back to his bar for a few drinks. The procession turned around and we all bumped along on the unpaved dirt road back to Meli. That was the night I made all my connections and realized most of these government officials were as I assumed. They were lucky men and women who had known the right people. The only one who impressed me was the agro forestry supervisor who in his drunken stupor tried to explain to me why and how the countrys electric was privatized by the government. In other words they sold it to a private company who had raised the prices but did not expand the coverage or maintained any of the equipment thus daily outages which lasted for days at a time in the remote villages. Sadly the company who runs the electric power is a large American corporation called AES. The complicity of corruption is this country involves European governments, and world corporations. I am still investigating how deep it runs.
While I was gathering information from Gabrielle, the drunken agro specialist, everyone else was in various states of alcohol consumption, demanding my attention so they could explain that canda (somewhere between hot sex and fucking) was the greatest pleasure in life. It was almost eight pm and Joseph the driver who had gotten up for work at six am was exhausted. I asked him if his boss was always inconsiderate, sometimes he said. After several requests Gerry, agreed to leave but he kept partying at a bar in Fundong and Joseph drove me home as the rains began. I only made four trips to Bamenda to buy food in the six weeks I was in Fundong because the thought of dealing with the transport turned me so far off. It would take hours to go 100 km (75miles) in broken down shared taxis with bad drivers and four in the front seat. So I waited until I had finished my work in Fundong to do any serious traveling. I soon found out that no matter where you go in Cameroon, unless you have your own vehicle, it is a nightmare.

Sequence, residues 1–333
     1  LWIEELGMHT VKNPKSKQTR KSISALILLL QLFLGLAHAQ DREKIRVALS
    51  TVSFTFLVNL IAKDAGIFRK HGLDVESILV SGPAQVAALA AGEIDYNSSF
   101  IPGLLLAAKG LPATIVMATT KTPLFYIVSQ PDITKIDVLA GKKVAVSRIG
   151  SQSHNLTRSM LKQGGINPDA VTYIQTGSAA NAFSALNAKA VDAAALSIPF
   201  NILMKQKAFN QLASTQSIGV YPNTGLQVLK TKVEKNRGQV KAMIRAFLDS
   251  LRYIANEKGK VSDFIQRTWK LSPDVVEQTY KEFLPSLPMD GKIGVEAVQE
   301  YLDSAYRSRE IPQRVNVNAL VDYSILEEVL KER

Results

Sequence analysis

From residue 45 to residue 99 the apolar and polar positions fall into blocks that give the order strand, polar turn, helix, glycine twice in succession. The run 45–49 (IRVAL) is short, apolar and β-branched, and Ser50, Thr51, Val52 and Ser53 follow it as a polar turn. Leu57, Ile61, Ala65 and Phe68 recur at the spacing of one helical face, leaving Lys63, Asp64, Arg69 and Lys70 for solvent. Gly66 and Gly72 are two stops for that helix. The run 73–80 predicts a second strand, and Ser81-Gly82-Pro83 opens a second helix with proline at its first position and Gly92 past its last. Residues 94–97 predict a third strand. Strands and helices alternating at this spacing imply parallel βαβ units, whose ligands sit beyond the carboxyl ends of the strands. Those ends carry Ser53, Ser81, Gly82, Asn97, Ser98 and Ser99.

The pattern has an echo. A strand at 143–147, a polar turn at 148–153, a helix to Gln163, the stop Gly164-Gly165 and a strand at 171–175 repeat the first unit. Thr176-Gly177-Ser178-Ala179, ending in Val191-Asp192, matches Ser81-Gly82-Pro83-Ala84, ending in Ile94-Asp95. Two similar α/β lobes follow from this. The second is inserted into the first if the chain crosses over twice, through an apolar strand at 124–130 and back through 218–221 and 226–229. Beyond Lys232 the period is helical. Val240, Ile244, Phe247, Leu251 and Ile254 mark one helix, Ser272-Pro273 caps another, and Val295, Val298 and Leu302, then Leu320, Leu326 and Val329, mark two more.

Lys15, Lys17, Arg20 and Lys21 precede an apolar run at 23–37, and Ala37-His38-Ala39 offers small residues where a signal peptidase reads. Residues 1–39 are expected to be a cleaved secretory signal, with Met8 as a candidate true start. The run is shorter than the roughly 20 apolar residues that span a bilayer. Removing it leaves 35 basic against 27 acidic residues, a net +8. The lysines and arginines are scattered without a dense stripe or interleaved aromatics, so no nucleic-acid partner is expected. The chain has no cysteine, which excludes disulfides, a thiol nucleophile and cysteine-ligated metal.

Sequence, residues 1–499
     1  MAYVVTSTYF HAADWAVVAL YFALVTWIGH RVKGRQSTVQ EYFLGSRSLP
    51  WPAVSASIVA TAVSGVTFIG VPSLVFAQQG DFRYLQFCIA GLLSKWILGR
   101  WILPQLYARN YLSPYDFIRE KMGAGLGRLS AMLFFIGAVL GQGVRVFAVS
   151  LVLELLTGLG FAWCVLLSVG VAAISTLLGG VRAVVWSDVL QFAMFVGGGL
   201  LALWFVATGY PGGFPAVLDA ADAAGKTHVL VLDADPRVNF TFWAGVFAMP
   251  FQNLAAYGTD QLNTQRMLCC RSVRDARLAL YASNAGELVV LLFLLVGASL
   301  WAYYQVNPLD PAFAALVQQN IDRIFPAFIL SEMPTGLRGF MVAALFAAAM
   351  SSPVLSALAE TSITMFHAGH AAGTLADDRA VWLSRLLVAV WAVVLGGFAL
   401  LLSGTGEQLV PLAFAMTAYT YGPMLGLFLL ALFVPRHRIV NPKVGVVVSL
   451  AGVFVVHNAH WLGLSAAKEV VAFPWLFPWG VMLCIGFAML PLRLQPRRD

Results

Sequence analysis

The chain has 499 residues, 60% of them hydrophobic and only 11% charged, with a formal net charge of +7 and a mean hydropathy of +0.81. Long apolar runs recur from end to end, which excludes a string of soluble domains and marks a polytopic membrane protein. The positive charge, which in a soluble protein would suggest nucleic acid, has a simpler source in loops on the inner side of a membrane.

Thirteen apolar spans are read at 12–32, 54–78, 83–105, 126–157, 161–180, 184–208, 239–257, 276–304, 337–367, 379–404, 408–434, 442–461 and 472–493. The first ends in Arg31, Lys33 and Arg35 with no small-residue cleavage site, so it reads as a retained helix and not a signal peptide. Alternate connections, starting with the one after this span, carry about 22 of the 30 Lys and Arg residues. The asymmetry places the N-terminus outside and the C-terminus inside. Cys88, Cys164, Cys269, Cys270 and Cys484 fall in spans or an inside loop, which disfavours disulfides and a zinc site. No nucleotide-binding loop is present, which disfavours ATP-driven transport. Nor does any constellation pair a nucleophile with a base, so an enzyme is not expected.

The day I left Fundong, Joseph drove me to Bamenda and I bought two seats on the bus to Douala. The bus arrived at the central station in Bonaberri, the worst slum in Douala. Mostly dirt roads with pot holes filled with stagnant water, especially during the rainy season, when there is a terrible malaria problem because the government does nothing to improve the conditons. An onslaught of young men surrounded the bus, trying to help you get your luggage and take you to a taxi and demand as much money as they could. I thought the guys who took my bags were the taxi drivers so when they took me over to a taxi and the driver wanted 4000 cfa,(the usual price is 3000) I made him pay the young men for helping me, finally yelling in French that I knew he was overcharging me so if he wanted the fare, pay the guys. The driver became more and more belligerent when he realized I was going further than he thought. Taxi drivers are a challenge anywhere but in poor countries that are con men. My next excursion was on the bus to Kribi, on the coast.
This was actually the best bus service I ever found in Cameroon. It left on time, did not squeeze people into nonexistent seats and was clean. Kribi was suppose to be the jewel of Cameroon,the vacation spot for the weathy from Douala and Yaounde.
Unfortunately since Exon Mobil put the pipeline in from Chad through the north east of the country down to the coast, the ocean was no longer blue but black. There was obviously huge amounts of oil spillage. The government was getting a lots of bucks from Exon and since no one complained Exon did nothing to clean it up. So I never had my beach vacation in Kribi thanks to one of the richest corporations in the world. Traveling in Cameroon will be continued..